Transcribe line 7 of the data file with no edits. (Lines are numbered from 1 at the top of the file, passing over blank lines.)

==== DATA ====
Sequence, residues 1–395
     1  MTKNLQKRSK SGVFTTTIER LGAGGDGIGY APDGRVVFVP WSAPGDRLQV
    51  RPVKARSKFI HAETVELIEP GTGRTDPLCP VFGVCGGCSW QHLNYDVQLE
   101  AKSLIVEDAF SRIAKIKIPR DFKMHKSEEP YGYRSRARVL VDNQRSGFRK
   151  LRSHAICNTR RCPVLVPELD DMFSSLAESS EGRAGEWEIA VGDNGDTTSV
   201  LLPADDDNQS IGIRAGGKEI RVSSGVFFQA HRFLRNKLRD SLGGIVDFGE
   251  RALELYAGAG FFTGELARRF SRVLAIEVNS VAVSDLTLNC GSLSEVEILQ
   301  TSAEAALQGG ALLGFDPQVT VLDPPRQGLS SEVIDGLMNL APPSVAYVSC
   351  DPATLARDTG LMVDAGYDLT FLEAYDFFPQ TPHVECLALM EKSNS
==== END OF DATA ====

   251  RALELYAGAG FFTGELARRF SRVLAIEVNS VAVSDLTLNC GSLSEVEILQ